Earth Eats: Real Food, Green Living

7 Ways To Keep A Green Diet This Winter Season

Here in the Midwest, most markets are closed for the winter and locally grown foods can be harder to come by. Fortunately, there are still ways to eat green.

A deer grazing in the snow.

Photo: Jan Tik (Flickr)

Winter can be an especially difficult time to eat locally, but with a little advance planning you can eat green all year round.

winterfoods

Photo: Jan Tik (flickr)

The thought of eating local can be especially daunting this time of year, at least here in the Midwest.

With many markets closed for the winter and a limited supply of seasonal foods, locally grown fruits and veggies are harder to come by.

A few months back, Collin Dunn of Planet Green made a list of 7 ways to keep green this winter. While it may be a little late in the season to implement some of these steps into your daily diet, many of them can be applied to all four seasons! Remember, it’s never too late to “go green.”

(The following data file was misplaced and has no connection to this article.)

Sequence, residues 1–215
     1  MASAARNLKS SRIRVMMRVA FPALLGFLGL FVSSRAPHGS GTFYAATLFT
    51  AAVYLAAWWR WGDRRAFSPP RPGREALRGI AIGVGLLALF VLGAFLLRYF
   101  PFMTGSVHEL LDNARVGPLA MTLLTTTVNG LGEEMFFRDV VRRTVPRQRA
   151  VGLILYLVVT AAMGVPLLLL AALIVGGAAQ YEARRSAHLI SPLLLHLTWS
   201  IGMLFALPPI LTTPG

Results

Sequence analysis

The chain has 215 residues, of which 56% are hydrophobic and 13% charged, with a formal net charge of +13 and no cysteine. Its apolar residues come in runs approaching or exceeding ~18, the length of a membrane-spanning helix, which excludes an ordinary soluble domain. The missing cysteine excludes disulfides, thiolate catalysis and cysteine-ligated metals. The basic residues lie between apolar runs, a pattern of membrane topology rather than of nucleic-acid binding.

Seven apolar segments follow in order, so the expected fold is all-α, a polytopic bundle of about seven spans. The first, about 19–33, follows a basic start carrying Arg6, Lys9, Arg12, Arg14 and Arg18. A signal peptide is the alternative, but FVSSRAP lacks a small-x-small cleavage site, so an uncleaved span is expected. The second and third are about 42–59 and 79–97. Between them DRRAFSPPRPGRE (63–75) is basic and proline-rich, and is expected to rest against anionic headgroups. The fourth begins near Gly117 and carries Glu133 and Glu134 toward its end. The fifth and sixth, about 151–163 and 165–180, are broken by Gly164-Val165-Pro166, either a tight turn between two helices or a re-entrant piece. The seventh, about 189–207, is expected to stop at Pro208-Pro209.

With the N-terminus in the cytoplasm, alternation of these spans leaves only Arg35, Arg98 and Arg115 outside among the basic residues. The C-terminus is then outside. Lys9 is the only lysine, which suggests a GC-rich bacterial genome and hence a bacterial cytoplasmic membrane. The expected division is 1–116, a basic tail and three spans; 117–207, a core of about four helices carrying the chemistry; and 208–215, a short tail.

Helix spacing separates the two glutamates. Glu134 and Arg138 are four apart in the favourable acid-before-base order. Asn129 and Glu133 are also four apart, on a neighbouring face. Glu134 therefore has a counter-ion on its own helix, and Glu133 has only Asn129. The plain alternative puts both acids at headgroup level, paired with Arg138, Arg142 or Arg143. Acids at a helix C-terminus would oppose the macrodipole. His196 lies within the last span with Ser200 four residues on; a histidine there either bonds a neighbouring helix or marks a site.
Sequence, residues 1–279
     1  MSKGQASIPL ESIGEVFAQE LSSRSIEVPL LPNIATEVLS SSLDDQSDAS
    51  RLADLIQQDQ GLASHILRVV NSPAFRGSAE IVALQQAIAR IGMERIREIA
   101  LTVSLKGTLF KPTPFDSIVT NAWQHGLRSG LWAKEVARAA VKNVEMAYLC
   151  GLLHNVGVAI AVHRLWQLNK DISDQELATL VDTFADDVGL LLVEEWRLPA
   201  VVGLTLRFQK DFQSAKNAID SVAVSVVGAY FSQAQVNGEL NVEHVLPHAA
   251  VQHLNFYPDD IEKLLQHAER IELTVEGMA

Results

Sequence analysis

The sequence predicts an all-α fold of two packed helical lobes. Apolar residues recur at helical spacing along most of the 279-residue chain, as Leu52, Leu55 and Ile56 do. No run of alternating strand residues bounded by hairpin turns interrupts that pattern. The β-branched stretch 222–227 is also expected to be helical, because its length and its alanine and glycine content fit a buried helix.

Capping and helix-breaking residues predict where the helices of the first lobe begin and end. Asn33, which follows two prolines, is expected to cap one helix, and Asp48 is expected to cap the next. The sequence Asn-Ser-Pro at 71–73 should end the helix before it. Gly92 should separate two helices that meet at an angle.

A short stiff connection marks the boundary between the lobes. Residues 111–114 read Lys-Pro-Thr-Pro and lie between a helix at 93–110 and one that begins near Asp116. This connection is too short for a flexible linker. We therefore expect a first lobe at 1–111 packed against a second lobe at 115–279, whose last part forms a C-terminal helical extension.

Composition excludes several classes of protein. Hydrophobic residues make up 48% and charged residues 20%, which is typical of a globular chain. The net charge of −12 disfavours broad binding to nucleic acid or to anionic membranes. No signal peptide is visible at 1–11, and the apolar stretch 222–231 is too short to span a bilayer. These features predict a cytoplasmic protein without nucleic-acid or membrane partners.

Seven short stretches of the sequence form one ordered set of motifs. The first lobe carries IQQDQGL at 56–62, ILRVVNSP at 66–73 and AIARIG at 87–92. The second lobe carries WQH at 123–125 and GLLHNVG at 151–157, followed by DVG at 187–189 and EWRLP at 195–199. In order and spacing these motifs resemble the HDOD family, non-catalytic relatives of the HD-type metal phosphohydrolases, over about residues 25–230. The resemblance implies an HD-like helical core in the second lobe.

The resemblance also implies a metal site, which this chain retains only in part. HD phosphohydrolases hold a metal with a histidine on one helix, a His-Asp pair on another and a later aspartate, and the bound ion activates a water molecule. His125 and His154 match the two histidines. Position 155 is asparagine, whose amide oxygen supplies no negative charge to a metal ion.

7 Tips For Eating Green

  1. Plan ahead and preserve the harvest
  2. Keep growing your own garden/foods
  3. Scavenge the neighborhood for food
  4. Behold the power of super foods
  5. Dig the roots
  6. Try new things
  7. Salad, Salad, Salad!

To learn more about each of these tips, check out Dunn’s full article…

Read More: Top 7 Ways to Keeping It Green This Winter by Colin Dunn (Planet Green)

Emily Shelton

Emily Shelton is a web producer and blogger for Earth Eats. A native of Evansville, Indiana, Emily moved to Bloomington in the fall of 2007 to attend Indiana University, pursuing a major in Telecommunications and a minor in Business. Emily began interning at WFIU in the fall of 2008 and is now an Assistant Web Producer. As an official Earth Eats "tweeter", Emily loves spreading the word about the importance of environmental issues and "going green". In her free time, she enjoys watching movies, writing, and looking at pictures of delicious meals that she'll only ever dream about.

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  • Justin

    Um, it's a bit late to preserve the harvest now….it's been dead for weeks already

  • Justin

    Um, it's a bit late to preserve the harvest now….it's been dead for weeks already

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